Animation is the optical illusion of motion created by the consecutive display of images of static elements. In film and video production, this refers to techniques by which each frame of a film or movie is produced individually. These frames may be generated by computers, or by photographing a drawn or painted image, or by repeatedly making small changes to a model unit (see claymation and stop motion), and then photographing the result with a special animation camera. When the frames are strung together and the resulting film is viewed, there is an illusion of continuous movement due to the phenomenon known as persistence of vision. Generating such a film tends to be very labour intensive and tedious, though the development of computer animation has greatly sped up the process.
Graphics file formats like GIF, MNG, SVG and Flash (SWF) allow animation to be viewed on a computer or over the Internet.
The major use of animation has always been for entertainment. However, there is growing use of instructional animation and educational animation to support explanation and learning. Animation is also celebrated as an artform (sometimes it receives government funding; this was especially common in Eastern Europe in the Communist era), and is showcased in many film festivals worldwide.
The “classic” form of animation, the “animated cartoon”, as developed in the early 1900s and refined by Ub Iwerks, Walt Disney and others, requires up to 24 distinct drawings for one second of animation.
Because animation is very time-consuming and often very expensive to produce, the majority of animation for TV and movies comes from professional animation studios. However, the field of independent animation has existed at least since the 1910s (ex. the pioneering stop-motion animator Ladislas Starevich in the Russian Empire), with animation being produced by independent studios (and sometimes by a single person). Several independent animation producers have gone on to enter the professional animation industry. Bill Plympton is one of the most well-known independent animators today. Today, with the rise of inexpensive animation programs like Macromedia Flash and free distribution channels such as Newgrounds, being an independent animator and getting your work seen by (potentially) millions of people is much easier than it used to be.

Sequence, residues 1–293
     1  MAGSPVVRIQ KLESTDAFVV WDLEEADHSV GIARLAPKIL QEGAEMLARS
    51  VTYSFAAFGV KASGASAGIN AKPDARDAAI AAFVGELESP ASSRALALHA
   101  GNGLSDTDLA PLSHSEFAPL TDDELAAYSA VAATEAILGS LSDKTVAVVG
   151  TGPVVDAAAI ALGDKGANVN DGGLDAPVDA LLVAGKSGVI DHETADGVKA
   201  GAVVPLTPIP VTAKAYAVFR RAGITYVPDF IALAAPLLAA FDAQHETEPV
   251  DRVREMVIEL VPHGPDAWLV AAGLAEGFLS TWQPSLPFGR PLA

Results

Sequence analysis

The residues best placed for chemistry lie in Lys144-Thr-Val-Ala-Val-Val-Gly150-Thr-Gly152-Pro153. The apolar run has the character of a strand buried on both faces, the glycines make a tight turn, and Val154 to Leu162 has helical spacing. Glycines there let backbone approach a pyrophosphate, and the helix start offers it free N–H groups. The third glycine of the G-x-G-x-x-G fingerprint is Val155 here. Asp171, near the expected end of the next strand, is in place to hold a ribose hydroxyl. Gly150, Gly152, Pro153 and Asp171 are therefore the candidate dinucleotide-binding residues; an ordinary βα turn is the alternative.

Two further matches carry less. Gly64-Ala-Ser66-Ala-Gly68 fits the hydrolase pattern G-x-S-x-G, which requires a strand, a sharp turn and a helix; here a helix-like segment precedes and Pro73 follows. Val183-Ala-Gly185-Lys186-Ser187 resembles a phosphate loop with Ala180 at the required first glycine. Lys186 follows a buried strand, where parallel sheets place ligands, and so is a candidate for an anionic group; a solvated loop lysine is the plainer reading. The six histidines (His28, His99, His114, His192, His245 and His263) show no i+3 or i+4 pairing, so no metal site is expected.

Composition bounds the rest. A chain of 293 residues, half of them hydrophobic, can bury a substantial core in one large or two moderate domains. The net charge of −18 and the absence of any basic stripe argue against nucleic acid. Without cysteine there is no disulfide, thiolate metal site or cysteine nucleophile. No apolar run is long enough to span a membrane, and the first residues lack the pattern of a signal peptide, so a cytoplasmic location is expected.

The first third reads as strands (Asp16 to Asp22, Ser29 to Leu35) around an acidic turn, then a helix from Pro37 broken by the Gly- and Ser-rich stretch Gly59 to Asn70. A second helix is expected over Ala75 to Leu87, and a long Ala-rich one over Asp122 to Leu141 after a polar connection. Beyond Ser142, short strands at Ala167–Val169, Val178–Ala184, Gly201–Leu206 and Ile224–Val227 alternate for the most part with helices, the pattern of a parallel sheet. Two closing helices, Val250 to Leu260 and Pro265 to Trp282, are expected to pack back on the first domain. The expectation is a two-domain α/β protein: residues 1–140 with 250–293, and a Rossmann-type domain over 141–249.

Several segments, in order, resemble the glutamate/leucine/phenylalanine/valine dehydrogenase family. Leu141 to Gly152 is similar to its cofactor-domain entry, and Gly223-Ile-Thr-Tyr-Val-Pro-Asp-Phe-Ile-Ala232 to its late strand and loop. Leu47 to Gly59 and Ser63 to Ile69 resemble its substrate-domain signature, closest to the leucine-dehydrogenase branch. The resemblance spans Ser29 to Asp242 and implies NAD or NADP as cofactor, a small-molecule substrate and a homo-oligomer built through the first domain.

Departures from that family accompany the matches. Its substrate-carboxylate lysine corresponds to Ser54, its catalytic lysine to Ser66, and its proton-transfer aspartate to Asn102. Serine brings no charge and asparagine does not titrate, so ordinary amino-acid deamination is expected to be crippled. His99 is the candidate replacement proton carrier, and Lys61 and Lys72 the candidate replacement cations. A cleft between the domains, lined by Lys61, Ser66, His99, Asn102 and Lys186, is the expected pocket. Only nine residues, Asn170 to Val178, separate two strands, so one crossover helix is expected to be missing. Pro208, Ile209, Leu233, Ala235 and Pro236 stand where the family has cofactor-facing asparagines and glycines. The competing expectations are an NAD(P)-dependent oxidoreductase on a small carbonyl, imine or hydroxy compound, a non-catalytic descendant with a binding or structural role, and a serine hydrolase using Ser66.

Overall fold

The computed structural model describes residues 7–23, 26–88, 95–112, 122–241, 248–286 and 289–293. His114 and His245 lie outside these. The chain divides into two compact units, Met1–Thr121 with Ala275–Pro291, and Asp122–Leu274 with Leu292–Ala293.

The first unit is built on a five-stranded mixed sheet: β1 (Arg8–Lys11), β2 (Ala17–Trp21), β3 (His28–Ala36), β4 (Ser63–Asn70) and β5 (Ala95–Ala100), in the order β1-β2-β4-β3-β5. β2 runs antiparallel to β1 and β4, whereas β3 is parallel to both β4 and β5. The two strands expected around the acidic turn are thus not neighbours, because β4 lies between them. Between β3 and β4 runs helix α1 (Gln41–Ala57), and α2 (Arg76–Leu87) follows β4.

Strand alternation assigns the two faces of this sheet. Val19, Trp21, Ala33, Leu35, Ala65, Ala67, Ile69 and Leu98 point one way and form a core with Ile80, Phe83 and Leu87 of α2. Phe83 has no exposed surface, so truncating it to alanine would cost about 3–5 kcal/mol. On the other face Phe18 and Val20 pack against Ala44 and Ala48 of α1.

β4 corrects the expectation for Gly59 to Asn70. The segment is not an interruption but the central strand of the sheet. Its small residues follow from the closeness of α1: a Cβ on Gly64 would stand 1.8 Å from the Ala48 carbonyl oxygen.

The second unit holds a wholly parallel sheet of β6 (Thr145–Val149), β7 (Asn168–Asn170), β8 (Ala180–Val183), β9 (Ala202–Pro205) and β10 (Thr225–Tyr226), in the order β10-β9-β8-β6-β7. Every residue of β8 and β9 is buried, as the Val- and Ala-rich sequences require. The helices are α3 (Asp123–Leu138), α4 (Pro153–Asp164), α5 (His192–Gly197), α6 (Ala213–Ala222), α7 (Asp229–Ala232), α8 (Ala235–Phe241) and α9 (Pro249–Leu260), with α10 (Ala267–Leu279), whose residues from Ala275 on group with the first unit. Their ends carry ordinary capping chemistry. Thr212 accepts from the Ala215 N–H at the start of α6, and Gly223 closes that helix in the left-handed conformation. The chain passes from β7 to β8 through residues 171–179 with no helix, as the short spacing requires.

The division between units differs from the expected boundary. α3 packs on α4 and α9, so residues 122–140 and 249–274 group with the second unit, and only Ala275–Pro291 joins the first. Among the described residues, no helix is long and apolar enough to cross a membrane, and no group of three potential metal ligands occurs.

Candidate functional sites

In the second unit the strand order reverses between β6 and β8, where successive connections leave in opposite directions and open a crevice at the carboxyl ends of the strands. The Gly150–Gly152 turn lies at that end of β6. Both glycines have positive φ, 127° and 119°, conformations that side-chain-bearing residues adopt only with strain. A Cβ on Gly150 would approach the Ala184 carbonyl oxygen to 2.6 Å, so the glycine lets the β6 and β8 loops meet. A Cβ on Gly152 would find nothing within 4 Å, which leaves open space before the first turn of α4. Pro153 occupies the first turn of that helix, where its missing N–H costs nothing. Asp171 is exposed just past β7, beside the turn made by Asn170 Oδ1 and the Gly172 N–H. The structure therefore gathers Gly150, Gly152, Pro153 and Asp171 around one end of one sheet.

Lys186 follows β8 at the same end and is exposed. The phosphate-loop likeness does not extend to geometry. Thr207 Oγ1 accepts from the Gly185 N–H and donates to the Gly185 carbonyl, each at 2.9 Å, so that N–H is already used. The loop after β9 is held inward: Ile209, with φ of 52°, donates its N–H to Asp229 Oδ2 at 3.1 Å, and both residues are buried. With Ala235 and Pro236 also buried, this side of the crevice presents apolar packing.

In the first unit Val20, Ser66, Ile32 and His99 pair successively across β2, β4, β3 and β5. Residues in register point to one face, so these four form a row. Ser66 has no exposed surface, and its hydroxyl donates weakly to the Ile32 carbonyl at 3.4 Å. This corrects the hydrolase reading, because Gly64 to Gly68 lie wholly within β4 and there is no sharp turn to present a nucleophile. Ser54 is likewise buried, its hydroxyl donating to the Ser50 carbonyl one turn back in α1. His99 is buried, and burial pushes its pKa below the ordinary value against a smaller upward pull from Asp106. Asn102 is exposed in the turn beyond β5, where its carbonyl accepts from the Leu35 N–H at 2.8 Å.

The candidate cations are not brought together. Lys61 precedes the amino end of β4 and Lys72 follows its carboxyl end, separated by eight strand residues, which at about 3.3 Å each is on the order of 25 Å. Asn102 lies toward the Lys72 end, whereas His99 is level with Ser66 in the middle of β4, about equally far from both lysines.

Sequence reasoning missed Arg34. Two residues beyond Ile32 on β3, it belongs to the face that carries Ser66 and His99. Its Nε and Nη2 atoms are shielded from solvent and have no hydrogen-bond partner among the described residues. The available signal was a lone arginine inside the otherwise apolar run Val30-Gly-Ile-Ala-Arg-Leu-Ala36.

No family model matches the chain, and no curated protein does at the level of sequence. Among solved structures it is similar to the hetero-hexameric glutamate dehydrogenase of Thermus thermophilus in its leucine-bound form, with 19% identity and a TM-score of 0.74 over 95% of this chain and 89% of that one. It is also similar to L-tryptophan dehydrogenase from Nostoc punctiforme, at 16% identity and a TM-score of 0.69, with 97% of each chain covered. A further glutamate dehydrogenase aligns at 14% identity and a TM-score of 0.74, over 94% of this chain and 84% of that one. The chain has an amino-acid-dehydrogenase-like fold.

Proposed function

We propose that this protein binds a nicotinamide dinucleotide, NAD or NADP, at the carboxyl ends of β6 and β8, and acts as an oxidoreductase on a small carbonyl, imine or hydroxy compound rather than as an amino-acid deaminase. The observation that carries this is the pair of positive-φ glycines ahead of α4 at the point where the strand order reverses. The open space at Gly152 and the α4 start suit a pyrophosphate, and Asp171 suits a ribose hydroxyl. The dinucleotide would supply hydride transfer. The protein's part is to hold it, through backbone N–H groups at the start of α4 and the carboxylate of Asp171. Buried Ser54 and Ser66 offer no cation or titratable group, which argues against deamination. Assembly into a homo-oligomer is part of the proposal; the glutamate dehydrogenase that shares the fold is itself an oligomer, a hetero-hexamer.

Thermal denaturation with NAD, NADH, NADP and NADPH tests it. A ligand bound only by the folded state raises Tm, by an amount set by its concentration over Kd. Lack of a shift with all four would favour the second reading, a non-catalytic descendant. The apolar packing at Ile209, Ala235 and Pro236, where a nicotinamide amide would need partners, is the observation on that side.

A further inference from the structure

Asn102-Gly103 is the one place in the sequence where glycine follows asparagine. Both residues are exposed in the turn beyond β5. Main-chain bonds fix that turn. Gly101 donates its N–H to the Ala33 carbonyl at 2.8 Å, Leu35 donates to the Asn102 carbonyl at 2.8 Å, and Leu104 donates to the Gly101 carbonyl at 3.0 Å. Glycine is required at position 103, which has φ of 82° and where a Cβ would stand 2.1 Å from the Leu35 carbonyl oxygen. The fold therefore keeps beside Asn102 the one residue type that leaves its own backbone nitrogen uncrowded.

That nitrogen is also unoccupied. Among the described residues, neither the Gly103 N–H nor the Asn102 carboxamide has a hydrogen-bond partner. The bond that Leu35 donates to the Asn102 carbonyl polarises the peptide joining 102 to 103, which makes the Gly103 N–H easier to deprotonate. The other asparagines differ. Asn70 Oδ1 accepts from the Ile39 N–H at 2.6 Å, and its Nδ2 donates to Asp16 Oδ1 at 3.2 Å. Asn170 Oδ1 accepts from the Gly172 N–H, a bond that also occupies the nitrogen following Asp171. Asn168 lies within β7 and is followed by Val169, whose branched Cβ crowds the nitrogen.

Limited animation is a way of increasing production and decreasing costs of animation by using “short cuts” in the animation process. This method was pioneered by UPA and popularized by Hanna-Barbera, and adapted by other studios as cartoons moved from movie theaters to television.
Animation Studios, like Movie studios, may be production facilities or financial entities. In some cases, especially in Anime they have things in common with artists studios where a Master or group of talented individuals oversee the work of lesser artists and crafts persons in realizing their vision.
- Frank Thomas and Ollie Johnston, Disney animation: The Illusion Of Life, Abbeville 1981
- Walters Faber, Helen Walters, Algrant (Ed.), Animation Unlimited: Innovative Short Films Since 1940, HarperCollins Publishers 2004
- Trish Ledoux, Doug Ranney, Fred Patten (Ed.), Complete Anime Guide: Japanese Animation Film Directory and Resource Guide, Tiger Mountain Press 1997
Licensed under the GNU Free Documentation License. It uses materials from the Wikipedia.